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Loyter, Efraim Barukhovich

LOYTER, EFRAIM BARUKHOVICH

LOYTER, EFRAIM BARUKHOVICH (1889–1963), Russian theater director and teacher. Born in Berdichev, Loyter began his career in 1906 as a theater critic in Vilna newspapers. He also published Yiddish stories. He was close to the *Zionist-Socialist party. During World War i he was a representative in Central Russia of ekopo, the Jewish Committee to Help War Victims. Together with L. Sobol, he edited the literary anthology Yevreyskiy mir ("Jewish World," Moscow, 1918).

Loyter was one of the heads and directors of the Jewish theatrical studio of the Kiev Culture League (Kiev-Moscow, 1919–24) where with a group of actors whom he had trained he staged plays by I.L. Peretz, Shalom Aleichem, Peretz Hirshbein, and others. He studied directing in Moscow with Y. Vakhtangov and C.Y. Meyerhold. In Baku in 1924–25 he headed the Workers' Theater and the Jewish theatrical studio. In 1925–28 he was director of the State Jewish Theater of the Ukraine where he staged Purimspiel and also Vognye ("In the Fire") by M. *Daniel and Loyter; Two Kuni Lemels by A. *Goldfaden, and other works. In 1929 in Moscow together with S. *Mikhoels he established a theatrical studio, teaching there (until 1935) and also at the Teaching-Theater Center (from 1933 to 1935). From 1935 to 1941 and 1945 to 1949 he was artistic director of the Odessa Jewish Theater where he staged, among other plays, Maxim Gorky's Mother (1938) and Wandering Stars (1940) by Shalom Aleichem. Loyter also directed plays in Russian and Ukrainian. During World War ii, he was evacuated to Tashkent. During this time he staged plays in Uzbekistan (and was awarded the title of Honored Artist of the Uzbek ssr, in 1943) and Tadzhikistan. He wrote a book in Russian, Slovo na stsene I estrade ("Word on Stage and on the Boards," 1954), and an introduction to the anthology he compiled Slovo na stsene ("Word on Stage," 1958).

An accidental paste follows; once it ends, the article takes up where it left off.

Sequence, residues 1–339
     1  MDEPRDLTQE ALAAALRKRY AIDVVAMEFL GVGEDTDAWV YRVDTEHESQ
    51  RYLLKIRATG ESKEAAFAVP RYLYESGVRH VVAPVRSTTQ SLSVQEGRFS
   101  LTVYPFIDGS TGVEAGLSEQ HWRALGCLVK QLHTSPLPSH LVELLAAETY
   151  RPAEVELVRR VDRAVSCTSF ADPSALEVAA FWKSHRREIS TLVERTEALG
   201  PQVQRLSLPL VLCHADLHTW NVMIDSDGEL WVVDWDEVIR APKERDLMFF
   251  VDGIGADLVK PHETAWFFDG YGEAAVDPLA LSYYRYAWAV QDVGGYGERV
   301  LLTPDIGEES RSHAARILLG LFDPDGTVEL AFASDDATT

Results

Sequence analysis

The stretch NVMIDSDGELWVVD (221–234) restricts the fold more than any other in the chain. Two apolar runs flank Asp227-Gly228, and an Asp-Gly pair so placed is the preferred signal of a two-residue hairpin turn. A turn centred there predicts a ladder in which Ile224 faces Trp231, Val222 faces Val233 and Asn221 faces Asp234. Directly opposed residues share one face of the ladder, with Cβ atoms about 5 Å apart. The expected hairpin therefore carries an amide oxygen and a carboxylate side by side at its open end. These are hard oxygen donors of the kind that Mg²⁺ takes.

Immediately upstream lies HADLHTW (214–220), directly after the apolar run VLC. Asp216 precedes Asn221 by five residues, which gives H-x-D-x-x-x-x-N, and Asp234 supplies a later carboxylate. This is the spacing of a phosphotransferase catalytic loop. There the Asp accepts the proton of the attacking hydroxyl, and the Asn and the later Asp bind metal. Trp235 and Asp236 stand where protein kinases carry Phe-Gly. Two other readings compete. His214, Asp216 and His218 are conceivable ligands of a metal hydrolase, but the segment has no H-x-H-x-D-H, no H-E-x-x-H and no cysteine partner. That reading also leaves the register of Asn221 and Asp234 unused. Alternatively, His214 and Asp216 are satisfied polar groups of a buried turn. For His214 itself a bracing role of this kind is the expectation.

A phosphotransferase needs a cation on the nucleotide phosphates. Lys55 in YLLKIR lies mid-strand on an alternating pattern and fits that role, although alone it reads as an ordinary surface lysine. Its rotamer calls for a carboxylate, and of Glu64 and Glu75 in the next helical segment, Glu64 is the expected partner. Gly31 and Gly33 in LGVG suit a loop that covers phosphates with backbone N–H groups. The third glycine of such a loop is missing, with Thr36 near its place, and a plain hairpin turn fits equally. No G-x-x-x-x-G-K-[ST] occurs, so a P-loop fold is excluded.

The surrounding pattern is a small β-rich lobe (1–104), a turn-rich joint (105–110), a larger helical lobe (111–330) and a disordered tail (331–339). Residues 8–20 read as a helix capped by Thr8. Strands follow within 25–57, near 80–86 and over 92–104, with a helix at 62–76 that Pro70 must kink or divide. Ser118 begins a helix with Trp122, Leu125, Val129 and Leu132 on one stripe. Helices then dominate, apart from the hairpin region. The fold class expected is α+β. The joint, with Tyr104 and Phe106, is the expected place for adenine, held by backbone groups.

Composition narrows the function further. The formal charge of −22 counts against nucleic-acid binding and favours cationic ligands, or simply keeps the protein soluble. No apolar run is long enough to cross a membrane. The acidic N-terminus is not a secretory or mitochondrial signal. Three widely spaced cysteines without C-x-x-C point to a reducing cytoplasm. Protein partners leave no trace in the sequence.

His brother nachum loyter (1891–1966) was also a theatrical director. In 1919 he studied at the theater studio of the Kiev Culture League and in 1922 graduated from the State Higher Directors' Workshop. From 1925 to 1929 he was the director of the Moscow Proletcult (Proletarian Culture) Theater. From 1930 he headed the State Jewish Theater of the Ukraine in Kharkov, from 1936, the Odessa Jewish Theater, and from 1937 the Kiev Jewish Theater. From 1940 to 1957 N. Loyter worked in the Y. Kolas Belorussian Theater, first in Vitebsk, then in evacuation in Uralsk. He was awarded the title of Honored Art Worker of the Belorussian ssr in 1945 and a Stalin Prize in 1946.

[Mark Kipnis /

The Shorter Jewish Encyclopaedia in Russian]

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